12. Japanese hops

Humulus japonicus

Representative photos of Japanese hops:

13. Wintercreeper, climbing euonymus

Euonymus fortunei

Representative photos of wintercreeper:

14. Teasels

Dipsacus spp.

Representative photos of teasels:

15. Sweet autumn virginsbower

Clematis terniflora

Representative photos of Sweet autumn virginsbower:

16. Smooth brome

Bromus inermis

Representative photos of smooth brome:

17. Invasive wisterias

Wisteria floribunda and Wisteria sinensis

Representative photos of invasive wisterias:

18. Oriental bittersweet

Celastrus orbiculatus

Representative photos of Oriental bittersweet:

19. Spotted knapweed

Centaurea stoebe subsp. micranthos

Representative photos of spotted knapweed:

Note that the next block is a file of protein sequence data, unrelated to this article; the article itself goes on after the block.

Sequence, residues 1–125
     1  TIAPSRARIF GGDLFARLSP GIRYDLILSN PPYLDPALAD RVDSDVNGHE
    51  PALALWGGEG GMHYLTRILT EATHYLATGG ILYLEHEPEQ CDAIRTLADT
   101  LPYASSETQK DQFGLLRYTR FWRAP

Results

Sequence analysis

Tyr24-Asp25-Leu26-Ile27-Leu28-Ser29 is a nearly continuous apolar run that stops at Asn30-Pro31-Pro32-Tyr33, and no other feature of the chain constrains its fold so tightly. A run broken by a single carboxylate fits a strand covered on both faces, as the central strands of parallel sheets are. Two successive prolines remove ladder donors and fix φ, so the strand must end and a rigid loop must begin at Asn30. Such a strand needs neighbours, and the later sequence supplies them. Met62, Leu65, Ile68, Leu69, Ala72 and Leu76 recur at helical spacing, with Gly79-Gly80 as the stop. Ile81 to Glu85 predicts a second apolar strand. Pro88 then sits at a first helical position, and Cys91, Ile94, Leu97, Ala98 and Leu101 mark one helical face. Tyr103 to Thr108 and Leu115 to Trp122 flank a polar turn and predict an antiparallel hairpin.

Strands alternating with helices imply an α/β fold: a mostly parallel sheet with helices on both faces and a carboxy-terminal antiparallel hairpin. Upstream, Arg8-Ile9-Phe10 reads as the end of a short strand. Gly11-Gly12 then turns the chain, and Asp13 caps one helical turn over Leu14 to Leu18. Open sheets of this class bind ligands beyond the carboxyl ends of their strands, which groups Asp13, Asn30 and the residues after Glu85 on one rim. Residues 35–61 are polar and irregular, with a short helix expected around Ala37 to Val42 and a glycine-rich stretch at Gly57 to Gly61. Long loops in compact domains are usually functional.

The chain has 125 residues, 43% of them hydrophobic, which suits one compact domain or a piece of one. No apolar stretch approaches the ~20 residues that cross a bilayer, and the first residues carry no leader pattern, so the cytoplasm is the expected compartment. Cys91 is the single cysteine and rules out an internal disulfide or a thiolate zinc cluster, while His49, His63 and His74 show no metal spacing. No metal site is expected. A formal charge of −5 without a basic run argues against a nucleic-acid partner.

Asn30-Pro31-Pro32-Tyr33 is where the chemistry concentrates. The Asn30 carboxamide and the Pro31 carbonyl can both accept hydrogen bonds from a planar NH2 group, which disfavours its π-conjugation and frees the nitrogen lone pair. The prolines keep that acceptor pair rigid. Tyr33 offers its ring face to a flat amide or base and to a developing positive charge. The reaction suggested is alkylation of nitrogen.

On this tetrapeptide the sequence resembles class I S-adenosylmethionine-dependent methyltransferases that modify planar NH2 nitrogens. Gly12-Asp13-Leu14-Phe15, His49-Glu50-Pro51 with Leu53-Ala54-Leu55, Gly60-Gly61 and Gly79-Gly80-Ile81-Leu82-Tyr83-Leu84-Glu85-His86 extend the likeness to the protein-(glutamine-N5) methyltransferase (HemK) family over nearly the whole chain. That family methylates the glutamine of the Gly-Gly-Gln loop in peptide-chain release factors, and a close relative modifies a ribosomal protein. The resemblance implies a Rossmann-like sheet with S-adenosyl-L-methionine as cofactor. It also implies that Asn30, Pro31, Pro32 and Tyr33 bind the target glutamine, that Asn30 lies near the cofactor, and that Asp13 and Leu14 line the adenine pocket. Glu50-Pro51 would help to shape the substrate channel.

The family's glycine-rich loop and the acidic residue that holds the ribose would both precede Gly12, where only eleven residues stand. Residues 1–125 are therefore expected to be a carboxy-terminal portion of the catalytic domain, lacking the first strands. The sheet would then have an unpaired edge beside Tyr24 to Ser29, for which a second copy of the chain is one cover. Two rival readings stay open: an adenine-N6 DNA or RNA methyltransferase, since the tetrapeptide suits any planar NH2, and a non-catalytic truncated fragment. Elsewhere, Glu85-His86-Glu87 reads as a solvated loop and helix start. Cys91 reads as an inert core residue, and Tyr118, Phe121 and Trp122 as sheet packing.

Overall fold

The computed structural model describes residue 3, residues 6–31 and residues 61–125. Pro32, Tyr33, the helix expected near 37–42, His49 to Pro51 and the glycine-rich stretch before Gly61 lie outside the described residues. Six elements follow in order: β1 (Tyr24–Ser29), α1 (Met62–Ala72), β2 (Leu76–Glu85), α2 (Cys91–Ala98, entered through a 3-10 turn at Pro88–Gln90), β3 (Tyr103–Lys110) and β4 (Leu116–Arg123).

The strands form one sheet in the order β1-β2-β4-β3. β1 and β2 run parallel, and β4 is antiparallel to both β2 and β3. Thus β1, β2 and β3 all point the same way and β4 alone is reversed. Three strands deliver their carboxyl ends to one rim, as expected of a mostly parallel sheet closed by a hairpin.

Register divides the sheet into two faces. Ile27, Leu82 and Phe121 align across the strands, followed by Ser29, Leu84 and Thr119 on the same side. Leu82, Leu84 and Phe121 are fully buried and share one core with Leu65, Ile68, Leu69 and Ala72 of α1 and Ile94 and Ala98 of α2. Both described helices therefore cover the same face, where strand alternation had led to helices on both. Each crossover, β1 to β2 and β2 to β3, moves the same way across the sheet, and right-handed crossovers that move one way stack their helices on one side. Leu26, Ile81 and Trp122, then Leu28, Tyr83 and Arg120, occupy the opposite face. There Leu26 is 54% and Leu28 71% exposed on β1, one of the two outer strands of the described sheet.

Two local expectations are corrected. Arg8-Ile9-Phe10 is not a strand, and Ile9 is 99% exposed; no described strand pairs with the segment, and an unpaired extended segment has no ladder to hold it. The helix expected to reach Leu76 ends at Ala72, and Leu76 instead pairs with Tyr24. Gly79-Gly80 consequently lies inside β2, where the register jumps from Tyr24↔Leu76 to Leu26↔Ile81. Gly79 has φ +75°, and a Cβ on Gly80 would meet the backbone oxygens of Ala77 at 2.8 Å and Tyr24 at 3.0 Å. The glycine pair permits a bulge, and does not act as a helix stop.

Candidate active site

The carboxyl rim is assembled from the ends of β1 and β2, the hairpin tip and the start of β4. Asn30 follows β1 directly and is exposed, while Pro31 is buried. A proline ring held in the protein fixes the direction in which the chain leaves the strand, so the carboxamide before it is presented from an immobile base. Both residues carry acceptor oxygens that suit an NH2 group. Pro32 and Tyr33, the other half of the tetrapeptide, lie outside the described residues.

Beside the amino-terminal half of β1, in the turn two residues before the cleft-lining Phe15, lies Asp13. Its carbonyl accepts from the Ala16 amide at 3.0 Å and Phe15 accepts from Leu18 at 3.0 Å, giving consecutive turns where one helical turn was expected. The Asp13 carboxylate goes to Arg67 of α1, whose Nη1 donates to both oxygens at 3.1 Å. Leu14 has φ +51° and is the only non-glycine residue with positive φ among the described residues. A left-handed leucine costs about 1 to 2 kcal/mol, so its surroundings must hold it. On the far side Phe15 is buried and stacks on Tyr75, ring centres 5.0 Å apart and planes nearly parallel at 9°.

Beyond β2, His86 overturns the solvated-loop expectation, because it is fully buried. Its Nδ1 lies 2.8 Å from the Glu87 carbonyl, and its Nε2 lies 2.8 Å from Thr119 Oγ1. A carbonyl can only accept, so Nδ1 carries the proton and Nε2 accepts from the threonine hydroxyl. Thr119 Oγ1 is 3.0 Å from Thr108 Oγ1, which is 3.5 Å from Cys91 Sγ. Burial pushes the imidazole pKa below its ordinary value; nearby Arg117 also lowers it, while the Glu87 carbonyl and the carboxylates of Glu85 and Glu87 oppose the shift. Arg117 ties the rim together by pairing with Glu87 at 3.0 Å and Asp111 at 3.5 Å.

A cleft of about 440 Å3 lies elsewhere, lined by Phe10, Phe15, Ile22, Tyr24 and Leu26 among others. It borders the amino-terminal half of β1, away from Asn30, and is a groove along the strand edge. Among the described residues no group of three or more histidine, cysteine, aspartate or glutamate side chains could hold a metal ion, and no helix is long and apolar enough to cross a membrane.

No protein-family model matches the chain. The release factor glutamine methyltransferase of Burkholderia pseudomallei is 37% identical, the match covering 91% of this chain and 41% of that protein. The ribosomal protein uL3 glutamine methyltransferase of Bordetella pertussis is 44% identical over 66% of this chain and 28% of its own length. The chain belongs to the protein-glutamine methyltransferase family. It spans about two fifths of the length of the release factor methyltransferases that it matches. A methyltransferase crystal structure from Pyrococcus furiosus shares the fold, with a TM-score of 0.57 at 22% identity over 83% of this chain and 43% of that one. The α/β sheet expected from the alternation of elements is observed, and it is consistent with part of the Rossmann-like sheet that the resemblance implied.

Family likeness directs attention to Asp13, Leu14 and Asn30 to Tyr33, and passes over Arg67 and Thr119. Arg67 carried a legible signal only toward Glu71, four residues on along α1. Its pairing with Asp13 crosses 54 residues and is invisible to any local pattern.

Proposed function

20. Japanese knotweed

Fallopia japonica

Representative photos of Japanese knotweed:

21. Burning bush

Euonymus alatus

Representative photos of burning bush:

22. Birdsfoot trefoil

Lotus corniculatus

Representative photos of birdsfoot trefoil:

23. Johnson grass

Sorghum halepense

Representative photos of Johnson grass:

24. Old-world bluestems

Bothriochloa spp.

Representative photos of old-world bluestems:

25. Common reed

Phragmites australis

Representative photos of common reed:

Why some common invasive plants did not make this particular list

Plants listed above may be expanding rapidly in some Missouri regions, but not in others.

Some readers may be surprised to see that some commonly known invasive plants, such as multiflora rose (Rosa multiflora) or ground ivy/creeping charlie (Glechoma hederacea) are not listed. That is because this “Top 25” list emphasizes expansion of range/abundance. According to the assessment, multiflora rose shows only a “Gradual Increase” in all regions with sufficient data. That resulted in multiflora rose scoring much lower on this list than many other species that show more vigorous expansion.

Do you have an observation to share?